Riley calls Beach’s comments reckless
Coastal Conservation League leader Dana Beach made reckless comments when he said the process by which Interstate 526 received its final piece of funding was corrupt, said Charleston Mayor Joe Riley.
Riley, who supports the completion of I-526 across Johns and James islands, held a press conference Thursday to respond to comments Beach made the day before at a South Carolina Policy Council press conference promoting stronger ethics laws.
The mayor was joined by other I-526 supporters, including Charleston County Council Chairman Teddie Pryor and Vice Chairman Elliott Summey, North Charleston Mayor Keith Summey, Charleston City Councilman Bill Moody and several neighborhood group leaders.
Riley said Beach’s comments were out of line, especially those implying that House Speaker Bobby Harrell, R-Charleston, did anything inappropriate when he pushed the S.C. Transportation Infrastructure Bank to give the I-526 project the final $138 million required to complete it.
The bank board already had approved $420 million for the project.
Harrell’s actions were “criticized in the most unfortunate language,” Riley said. Harrell simply was trying to bring in the money for an essential local road project, Riley said. “That’s exactly what elected officials do in a representative democracy. They represent their constituents.”
Beach, an I-526 opponent, said Wednesday the Infrastructure Bank’s board approved the additional $138 million for the project this month, even though it had no bonding capacity available until after 2020, and without discussing the matter in public.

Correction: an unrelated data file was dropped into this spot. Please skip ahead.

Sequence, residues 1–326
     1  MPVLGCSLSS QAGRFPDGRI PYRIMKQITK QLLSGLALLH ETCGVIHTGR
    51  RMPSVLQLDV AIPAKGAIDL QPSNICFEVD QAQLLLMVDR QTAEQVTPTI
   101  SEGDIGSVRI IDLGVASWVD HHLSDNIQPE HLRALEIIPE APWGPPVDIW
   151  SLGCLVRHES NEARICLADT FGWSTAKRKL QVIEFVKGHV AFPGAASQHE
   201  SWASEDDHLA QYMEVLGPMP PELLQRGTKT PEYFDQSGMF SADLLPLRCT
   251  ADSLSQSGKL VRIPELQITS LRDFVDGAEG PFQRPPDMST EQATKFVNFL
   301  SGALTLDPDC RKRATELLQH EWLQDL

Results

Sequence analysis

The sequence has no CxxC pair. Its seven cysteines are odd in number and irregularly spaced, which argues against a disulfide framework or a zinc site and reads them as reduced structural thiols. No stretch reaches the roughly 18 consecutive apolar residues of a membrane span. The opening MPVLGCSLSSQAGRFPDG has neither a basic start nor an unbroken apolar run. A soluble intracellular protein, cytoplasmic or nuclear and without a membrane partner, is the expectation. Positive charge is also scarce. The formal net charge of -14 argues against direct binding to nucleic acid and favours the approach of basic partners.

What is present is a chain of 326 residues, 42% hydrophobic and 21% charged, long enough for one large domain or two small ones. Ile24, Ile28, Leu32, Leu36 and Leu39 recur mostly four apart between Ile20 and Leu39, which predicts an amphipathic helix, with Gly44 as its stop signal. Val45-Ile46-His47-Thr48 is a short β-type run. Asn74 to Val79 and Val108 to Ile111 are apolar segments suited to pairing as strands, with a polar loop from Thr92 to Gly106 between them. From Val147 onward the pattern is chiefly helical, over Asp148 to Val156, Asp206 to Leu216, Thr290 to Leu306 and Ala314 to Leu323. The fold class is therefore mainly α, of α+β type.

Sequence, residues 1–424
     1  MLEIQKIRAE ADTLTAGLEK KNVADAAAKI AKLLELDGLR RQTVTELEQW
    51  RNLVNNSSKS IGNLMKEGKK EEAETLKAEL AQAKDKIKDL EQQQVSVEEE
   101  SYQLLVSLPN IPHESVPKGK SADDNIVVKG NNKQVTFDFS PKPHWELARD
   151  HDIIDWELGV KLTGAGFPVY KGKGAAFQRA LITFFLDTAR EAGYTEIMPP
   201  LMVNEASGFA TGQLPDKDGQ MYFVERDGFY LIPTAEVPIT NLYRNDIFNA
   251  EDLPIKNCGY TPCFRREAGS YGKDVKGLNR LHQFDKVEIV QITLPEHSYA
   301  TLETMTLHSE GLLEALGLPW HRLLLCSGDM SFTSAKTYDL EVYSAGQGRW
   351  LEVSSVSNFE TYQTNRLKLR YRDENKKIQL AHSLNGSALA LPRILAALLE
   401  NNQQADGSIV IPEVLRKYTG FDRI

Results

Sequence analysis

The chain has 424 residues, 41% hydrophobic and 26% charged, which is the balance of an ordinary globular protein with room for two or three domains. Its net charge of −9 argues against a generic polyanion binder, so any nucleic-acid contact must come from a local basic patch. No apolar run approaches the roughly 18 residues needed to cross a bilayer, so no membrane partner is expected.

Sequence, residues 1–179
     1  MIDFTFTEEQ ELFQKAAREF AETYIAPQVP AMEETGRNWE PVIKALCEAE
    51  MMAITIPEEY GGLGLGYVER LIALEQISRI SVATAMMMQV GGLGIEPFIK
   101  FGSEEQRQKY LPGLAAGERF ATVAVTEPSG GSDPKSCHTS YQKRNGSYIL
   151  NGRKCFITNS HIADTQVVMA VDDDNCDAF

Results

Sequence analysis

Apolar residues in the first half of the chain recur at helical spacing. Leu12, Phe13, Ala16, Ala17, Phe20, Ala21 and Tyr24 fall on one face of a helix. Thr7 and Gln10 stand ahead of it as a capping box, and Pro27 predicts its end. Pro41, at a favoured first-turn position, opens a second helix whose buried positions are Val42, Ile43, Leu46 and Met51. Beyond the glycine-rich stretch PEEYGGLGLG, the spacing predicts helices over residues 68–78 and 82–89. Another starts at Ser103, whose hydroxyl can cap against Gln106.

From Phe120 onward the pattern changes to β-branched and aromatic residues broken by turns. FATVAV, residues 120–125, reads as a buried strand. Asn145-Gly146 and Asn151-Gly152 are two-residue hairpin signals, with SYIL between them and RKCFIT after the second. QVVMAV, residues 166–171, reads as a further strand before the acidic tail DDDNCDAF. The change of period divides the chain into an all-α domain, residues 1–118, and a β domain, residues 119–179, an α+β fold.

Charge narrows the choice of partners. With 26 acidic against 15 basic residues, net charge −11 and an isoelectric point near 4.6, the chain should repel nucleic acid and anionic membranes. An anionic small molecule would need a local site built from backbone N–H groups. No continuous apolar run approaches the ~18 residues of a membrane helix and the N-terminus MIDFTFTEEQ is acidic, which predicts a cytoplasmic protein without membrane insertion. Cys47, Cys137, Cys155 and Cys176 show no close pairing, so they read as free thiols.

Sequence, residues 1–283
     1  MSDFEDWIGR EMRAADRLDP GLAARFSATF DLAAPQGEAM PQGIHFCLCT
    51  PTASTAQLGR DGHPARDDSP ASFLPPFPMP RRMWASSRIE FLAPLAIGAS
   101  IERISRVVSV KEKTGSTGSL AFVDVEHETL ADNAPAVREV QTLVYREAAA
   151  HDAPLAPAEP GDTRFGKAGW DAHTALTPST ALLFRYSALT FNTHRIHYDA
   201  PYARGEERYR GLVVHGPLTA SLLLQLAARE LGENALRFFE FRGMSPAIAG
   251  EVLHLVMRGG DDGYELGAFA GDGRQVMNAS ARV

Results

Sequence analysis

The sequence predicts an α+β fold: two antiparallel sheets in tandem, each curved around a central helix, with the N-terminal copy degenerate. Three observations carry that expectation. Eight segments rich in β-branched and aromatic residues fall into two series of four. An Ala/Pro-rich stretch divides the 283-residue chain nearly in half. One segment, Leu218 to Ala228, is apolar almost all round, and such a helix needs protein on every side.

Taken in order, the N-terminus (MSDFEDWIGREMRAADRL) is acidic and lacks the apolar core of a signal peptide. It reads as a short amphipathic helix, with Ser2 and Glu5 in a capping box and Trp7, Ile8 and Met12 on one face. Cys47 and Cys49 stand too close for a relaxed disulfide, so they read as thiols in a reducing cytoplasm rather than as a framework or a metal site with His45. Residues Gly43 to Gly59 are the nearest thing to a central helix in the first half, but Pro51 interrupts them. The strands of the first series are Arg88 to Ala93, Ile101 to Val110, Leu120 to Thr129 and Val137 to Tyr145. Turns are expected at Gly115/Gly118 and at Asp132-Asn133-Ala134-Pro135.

Beach also said that money from the bank mostly has gone to projects in counties in which bank board members or those who appointed them live. And he called the bank “a slush fund.”
Riley did not dispute that the bank board didn’t discuss the matter publicly. And he agreed that the Charleston area got more money from the bank than other areas, and that many bank board members and those who appoint them live in the county.
But he criticized the way in the way Beach interpreted and presented those facts.
The Lowcountry received a larger slice of the bank’s road money because it’s a growing area and because road projects in the Lowcountry tend to be more expensive, Riley said.
The environment requires more bridges, and it requires building through wetlands, all of which drive up the cost.
Beach said Thursday that he stands by his comments. He thought it was interesting that Riley called them reckless.
“It seems that we could apply the term reckless to a governing board that committed more than $100 million of future bonding capacity on a road that’s not a state priority and not highly ranked on a regional list,” Beach said.
And he disagreed that Harrell’s role with bank road funds was to bring in more money for local projects. Harrell appoints two members of the bank’s board in his role as speaker, not his role as a Charleston representative, Beach said.
He should appoint members to the board who represent the best interests of the state, not simply the best interest of the Lowcountry, Beach said.
Riley also said he wanted to reiterate that extending the road across Johns and James islands is essential to alleviate traffic problems throughout much of the region. Without completing it, he said, people “will be sentenced to a traffic nightmare.”
He also said that he thinks the vast majority of residents support the completion of I-526.
Pryor said he thinks Beach made his comments to distract the public from the important issue of finishing I-526. “There comes a time when you have to move and stop allowing a few to hold up the process,” he said.